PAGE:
In the letter that begins the company's 2007 annual report, founders Larry Page and Sergey Brin, state: ‘The trust of our users is paramount. We simply will not bias our search results for financial reasons. Our ads are separated from the search results and clearly labelled. We believe strongly in maintaining the integrity of search.’

Risks acknowledged

Having listed on Nasdaq in 2004, Google makes extensive disclosure of the risk factors that could affect its success as a business. The company acknowledges that privacy issues are among them. ‘From time to time, concerns have been expressed about whether our products and services compromise the privacy of users and others. Concerns about our practices with regard to the collection, use, disclosure or security of personal information or other privacy-related matters, even if unfounded, could damage our reputation and operating results.’

Essentially privacy risks fall under three headings:

Malicious threats to the integrity of the data the company holds or negligent loss of data.

Regulatory or strong consumer objection to company policy and practice on data collection and use.

Enforced disclosure of user or partner information, for example, in copyright disputes or by government.

In its annual report, the company does not explain what procedures it has for managing these risks. US law and regulations concentrate on companies' controls and management of financial risks that could have an immediate impact on results, while some European corporate governance codes require more discussion of enterprise risks and overall systems of control. The company's response to StrategicRisk's questions was to point to its stated policy, which starts on /en/privacy.html. It is detailed, clear, and aimed at users.

This is not currently an issue that seems to excite shareholders. The company's share price had a slight hiccough at the time the report was published, but soon resumed its upward direction and hit its all time high in November 2007 at 747 cents, significantly outperforming the rest of the index. From January to March, the price fell sharply to 412, rose again in May, as Microsoft dropped its bid for Google rival Yahoo, and now hovers around 480.

“Without Google, my right arm would feel as if it had been amputated.

A serious issue

Web companies are, however, taking the privacy issue seriously. They are commissioning research or using the consultancy company set up by Privacy International, called 80/20 Thinking, to audit their privacy policies and practices.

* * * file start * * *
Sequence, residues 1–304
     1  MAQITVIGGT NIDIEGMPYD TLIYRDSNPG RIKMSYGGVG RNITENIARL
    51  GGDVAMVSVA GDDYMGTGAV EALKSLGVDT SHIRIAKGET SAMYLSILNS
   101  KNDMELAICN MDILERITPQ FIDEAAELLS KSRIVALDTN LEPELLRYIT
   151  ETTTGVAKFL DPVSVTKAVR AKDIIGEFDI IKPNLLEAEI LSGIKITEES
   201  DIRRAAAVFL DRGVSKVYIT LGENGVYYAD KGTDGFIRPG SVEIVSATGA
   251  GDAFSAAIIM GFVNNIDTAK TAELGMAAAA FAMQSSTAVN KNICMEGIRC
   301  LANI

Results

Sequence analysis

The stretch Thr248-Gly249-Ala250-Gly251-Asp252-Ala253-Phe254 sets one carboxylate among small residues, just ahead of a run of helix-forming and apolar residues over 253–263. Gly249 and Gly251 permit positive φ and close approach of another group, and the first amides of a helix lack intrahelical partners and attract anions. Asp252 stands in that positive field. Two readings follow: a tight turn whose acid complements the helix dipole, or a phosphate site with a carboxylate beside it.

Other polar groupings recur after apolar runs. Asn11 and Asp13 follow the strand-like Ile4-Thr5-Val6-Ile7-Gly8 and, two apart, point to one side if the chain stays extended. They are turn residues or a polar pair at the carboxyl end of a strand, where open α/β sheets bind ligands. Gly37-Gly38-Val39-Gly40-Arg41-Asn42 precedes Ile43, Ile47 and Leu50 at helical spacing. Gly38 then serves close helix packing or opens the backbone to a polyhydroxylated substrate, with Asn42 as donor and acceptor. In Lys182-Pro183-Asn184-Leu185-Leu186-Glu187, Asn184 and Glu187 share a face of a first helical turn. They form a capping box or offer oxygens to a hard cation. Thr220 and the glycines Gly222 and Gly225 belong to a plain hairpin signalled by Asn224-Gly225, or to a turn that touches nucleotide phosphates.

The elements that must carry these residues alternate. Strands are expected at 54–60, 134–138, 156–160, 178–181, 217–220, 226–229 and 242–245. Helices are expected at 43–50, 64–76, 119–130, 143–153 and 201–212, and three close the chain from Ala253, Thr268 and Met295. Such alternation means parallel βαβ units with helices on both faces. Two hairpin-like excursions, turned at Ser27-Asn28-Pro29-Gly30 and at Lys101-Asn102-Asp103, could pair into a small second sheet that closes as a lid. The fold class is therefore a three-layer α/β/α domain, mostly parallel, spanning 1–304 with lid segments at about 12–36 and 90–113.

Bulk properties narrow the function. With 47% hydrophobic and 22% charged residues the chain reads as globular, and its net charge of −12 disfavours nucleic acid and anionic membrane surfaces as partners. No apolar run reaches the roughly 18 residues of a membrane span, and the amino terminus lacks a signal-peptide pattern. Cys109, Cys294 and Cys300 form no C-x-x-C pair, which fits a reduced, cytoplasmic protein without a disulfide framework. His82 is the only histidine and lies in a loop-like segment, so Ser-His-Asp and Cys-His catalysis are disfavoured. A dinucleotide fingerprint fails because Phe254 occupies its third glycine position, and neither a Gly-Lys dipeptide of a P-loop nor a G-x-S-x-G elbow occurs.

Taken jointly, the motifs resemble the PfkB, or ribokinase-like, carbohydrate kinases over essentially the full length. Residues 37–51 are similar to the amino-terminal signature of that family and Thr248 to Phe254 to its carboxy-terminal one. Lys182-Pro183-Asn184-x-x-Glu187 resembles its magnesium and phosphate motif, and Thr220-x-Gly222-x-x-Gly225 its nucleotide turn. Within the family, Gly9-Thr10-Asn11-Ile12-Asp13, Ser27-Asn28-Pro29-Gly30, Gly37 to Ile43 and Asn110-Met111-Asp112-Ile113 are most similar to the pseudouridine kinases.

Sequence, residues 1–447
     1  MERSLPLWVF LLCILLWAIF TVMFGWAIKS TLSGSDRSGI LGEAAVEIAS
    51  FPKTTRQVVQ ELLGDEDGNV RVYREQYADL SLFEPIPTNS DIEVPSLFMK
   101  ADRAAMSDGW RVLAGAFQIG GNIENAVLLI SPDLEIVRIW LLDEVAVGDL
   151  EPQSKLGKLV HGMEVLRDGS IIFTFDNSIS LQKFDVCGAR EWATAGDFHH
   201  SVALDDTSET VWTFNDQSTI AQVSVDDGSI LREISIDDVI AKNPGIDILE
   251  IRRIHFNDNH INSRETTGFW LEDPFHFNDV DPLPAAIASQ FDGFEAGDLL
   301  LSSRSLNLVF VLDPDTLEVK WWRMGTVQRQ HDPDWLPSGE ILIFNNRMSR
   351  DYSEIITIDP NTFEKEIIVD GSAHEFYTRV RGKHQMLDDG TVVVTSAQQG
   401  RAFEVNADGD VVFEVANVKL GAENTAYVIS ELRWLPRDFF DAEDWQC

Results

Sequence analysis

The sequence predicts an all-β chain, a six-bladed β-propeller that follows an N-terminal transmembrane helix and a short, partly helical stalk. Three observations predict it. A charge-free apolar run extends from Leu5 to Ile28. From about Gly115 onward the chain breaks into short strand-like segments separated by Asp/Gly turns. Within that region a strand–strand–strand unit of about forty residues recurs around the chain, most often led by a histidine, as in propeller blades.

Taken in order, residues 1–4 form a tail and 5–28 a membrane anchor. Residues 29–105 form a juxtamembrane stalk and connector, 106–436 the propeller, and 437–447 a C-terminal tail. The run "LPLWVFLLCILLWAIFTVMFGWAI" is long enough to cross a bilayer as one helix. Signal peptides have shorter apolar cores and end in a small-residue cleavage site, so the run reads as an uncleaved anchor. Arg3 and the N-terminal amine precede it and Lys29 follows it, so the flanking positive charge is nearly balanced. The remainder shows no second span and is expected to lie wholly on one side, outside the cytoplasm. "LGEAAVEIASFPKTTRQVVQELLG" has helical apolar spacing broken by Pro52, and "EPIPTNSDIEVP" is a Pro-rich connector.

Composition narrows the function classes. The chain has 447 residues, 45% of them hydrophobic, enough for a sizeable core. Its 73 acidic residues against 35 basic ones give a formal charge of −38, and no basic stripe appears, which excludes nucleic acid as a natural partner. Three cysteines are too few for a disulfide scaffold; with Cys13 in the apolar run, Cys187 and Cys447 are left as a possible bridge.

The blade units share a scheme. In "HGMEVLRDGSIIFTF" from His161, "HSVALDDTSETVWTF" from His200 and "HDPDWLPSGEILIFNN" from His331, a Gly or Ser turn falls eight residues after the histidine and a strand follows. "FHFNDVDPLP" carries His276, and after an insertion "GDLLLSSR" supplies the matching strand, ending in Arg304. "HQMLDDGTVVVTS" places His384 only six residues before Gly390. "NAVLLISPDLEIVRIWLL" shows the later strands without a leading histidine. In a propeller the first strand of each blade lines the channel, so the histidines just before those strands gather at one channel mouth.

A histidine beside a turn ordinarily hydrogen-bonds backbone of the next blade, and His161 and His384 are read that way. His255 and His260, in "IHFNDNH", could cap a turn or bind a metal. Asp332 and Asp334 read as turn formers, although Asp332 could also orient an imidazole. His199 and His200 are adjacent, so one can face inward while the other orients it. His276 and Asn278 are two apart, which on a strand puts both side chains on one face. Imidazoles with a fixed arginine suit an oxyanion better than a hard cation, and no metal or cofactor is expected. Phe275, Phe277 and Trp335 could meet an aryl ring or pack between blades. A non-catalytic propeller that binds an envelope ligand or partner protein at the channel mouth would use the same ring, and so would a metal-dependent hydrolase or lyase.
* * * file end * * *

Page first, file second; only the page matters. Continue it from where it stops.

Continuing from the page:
Simon Davies, CEO of 80/20 Thinking, argues that consumer issues can erode even a very strong market position. He says that if customers lose faith in a business, it weakens its defences to competition. He outlines the stages in the process by which an issue starts

First, the company comes under scrutiny from pressure groups and concerned individuals.

Next, journalists take up the story.

Third, legislators and the mainstream press take up the issue and call for regulation. An environment of public mistrust takes hold.

Fourth, government or regulators take enforcement action.

There can be a further stage, when the government passes prohibitive legislation.

‘Every company in the world has to be aware that once phase 1 begins, it needs to take remedial action. Once there is a crack in the customers' trust, then alternative visions of business have time to materialise,’ Davies states. He believes this can happen as early as phase 2 if the pressure groups and journalists have created a solid enough case.

However users perceive Google, it is a business, albeit one whose philosophy is that you can make money without doing evil. It makes 99% of its revenue from advertising, and it does so by persuading advertisers that its business proposition of targeted advertising will deliver results, Its figures indicate it is doing this successfully. In 2007, Google had revenues of $16.6 bn, compared to $10.6 bn in 2006, and net income rose from $3.1 bn to $4.2 bn.

Two months after the critical Privacy International report, the chairman and CEO of Google Eric Schmidt called for a global approach to privacy standards in an article in the Financial Times. Writing on 19 September 2007, he said that at present, most countries had no data protection rules. Where they existed, there was a mix of different regimes, and while the EU did have common standards, they were ‘often complex and inflexible.’ He concluded: ‘The task we now face is twofold: to build consumer trust by preventing abuse, and to create consistent, predictable rules that encourage future innovation.’